Abu Rayhan Muhammad ibn Ahmad Al-Biruni liked school. No, he loved school. The challenge to read and recite, to count and to calculate was fun, but the real sport was to contest the ideas of others, to engage their motives and call into question their goals. A Muslim, he was also a Persian. And the Persian gene – some would call it ‘genius’ – was to argue, to debate, to advance through active exchange with the ideas of thoughtful others. Not everyone in his community was born thoughtful. Some never went to school. Some went to school and only memorised or repeated what others told them. He only did battle with equals, but he never ceased to find even his equals lacking.
Biruni was privileged to have a private tutor from a very early age. Born in 973, in the outskirts of Khwarizm (hence the name Al-Biruni, the outsider, or suburban), he may have lost one or both parents when he was very young. As a result, his academic tutor, Abu Nasr al-Mansur, also became his familial mentor. He made certain that Biruni learned all the basics of scientific inquiry in Arabic, and literary inquiry mostly in Persian. Abu Nasr also made it possible for his young protégé to undertake experiments on his own.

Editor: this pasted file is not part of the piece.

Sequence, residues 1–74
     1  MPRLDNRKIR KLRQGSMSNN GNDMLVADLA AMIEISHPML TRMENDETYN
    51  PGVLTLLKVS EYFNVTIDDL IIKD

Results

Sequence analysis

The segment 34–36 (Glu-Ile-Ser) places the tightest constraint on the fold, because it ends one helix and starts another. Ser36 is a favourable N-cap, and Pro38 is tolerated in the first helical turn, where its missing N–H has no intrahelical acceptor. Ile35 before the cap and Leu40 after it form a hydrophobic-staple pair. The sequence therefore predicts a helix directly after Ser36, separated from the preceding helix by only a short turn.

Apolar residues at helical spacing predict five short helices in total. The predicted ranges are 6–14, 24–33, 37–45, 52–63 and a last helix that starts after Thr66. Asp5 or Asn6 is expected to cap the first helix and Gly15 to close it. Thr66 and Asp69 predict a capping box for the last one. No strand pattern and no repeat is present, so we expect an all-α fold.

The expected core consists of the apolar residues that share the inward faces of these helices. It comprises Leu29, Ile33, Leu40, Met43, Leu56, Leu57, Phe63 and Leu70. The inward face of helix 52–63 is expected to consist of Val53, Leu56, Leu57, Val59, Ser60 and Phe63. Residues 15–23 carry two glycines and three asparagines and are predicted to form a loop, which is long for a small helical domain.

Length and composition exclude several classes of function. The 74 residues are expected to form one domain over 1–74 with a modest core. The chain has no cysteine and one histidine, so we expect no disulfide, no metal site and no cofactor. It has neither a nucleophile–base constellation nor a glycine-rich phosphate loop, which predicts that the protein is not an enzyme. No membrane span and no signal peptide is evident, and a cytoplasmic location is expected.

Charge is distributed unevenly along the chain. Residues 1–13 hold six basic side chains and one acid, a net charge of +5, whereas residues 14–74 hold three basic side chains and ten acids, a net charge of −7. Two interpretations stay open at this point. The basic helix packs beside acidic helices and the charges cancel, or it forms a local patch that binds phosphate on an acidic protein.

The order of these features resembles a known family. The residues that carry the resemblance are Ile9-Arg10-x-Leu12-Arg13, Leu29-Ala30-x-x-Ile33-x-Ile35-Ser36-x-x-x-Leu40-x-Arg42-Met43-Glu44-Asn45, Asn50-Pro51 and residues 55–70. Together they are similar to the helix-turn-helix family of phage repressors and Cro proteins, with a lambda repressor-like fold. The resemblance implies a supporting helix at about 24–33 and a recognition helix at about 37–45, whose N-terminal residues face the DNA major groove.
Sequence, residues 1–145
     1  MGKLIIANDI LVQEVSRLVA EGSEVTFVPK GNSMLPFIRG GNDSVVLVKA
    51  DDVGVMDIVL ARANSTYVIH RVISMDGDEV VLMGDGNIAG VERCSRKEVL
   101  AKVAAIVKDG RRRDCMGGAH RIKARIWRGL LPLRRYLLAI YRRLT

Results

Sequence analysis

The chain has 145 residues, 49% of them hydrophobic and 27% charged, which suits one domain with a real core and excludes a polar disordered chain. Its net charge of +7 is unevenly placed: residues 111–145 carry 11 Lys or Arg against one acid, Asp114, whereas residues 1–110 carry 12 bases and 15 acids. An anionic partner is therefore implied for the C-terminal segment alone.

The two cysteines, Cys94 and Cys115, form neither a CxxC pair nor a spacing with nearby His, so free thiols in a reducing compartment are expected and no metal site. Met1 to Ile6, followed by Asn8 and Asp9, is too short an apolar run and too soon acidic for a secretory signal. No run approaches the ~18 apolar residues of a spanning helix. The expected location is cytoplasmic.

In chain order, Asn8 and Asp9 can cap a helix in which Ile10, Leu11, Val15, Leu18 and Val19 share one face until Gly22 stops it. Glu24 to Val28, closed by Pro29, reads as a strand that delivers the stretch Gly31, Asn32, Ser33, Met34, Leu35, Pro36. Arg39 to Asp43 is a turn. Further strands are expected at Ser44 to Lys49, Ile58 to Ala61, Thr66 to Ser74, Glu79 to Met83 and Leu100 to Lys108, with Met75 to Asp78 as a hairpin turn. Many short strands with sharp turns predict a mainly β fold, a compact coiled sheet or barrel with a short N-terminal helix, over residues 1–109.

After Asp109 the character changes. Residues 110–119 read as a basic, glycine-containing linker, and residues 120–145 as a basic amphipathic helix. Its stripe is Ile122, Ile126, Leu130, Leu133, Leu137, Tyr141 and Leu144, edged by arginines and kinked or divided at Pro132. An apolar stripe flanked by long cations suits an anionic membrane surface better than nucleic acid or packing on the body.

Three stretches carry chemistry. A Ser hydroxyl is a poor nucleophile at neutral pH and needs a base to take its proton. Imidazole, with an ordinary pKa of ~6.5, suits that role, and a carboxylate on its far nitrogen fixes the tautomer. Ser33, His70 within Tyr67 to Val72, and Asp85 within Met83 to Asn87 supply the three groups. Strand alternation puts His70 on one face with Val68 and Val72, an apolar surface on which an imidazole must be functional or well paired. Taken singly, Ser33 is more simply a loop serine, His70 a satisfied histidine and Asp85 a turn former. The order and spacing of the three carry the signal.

Biruni was impatient. A devout Muslim, he was also a sceptic about all received forms of knowledge. He was restless to know what the Author of the universe meant by the array of systems within the great system called the cosmos. He learned about distances, and loved geography. He excelled in mathematics, and delved into physics. He examined rocks and found their study, known as mineralogy, a constant fascination. He wondered about the nature of the earth and its component elements, their size, shapes and subfields, anticipating geodesy. Thinking about medicine, he explored the use, or misuse, of plants and their extracts for cures; he excelled in pharmacology. But above all, he looked to the stars, to their relationships, their movements, their influences, and so he delved deeply into astronomy.